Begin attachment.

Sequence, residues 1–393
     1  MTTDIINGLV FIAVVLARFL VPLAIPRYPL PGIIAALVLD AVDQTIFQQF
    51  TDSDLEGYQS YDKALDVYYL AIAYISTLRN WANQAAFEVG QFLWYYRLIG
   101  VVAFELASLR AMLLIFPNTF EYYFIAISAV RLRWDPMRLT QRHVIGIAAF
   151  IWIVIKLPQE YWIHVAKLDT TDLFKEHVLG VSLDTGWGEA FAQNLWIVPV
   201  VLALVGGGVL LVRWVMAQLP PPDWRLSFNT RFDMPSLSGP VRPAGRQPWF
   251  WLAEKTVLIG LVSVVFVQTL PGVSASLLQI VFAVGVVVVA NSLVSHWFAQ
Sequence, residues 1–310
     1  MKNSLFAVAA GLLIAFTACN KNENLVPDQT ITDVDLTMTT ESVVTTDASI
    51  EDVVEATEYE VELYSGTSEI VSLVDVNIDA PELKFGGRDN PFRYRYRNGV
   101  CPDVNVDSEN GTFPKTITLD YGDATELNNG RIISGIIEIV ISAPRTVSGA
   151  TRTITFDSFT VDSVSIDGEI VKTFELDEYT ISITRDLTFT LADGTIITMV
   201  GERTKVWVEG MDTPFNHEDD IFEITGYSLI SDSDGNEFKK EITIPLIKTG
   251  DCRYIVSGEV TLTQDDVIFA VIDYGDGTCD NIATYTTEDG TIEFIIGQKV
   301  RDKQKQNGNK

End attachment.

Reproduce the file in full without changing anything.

Sequence, residues 1–393
     1  MTTDIINGLV FIAVVLARFL VPLAIPRYPL PGIIAALVLD AVDQTIFQQF
    51  TDSDLEGYQS YDKALDVYYL AIAYISTLRN WANQAAFEVG QFLWYYRLIG
   101  VVAFELASLR AMLLIFPNTF EYYFIAISAV RLRWDPMRLT QRHVIGIAAF
   151  IWIVIKLPQE YWIHVAKLDT TDLFKEHVLG VSLDTGWGEA FAQNLWIVPV
   201  VLALVGGGVL LVRWVMAQLP PPDWRLSFNT RFDMPSLSGP VRPAGRQPWF
   251  WLAEKTVLIG LVSVVFVQTL PGVSASLLQI VFAVGVVVVA NSLVSHWFAQ
Sequence, residues 1–310
     1  MKNSLFAVAA GLLIAFTACN KNENLVPDQT ITDVDLTMTT ESVVTTDASI
    51  EDVVEATEYE VELYSGTSEI VSLVDVNIDA PELKFGGRDN PFRYRYRNGV
   101  CPDVNVDSEN GTFPKTITLD YGDATELNNG RIISGIIEIV ISAPRTVSGA
   151  TRTITFDSFT VDSVSIDGEI VKTFELDEYT ISITRDLTFT LADGTIITMV
   201  GERTKVWVEG MDTPFNHEDD IFEITGYSLI SDSDGNEFKK EITIPLIKTG
   251  DCRYIVSGEV TLTQDDVIFA VIDYGDGTCD NIATYTTEDG TIEFIIGQKV
   301  RDKQKQNGNK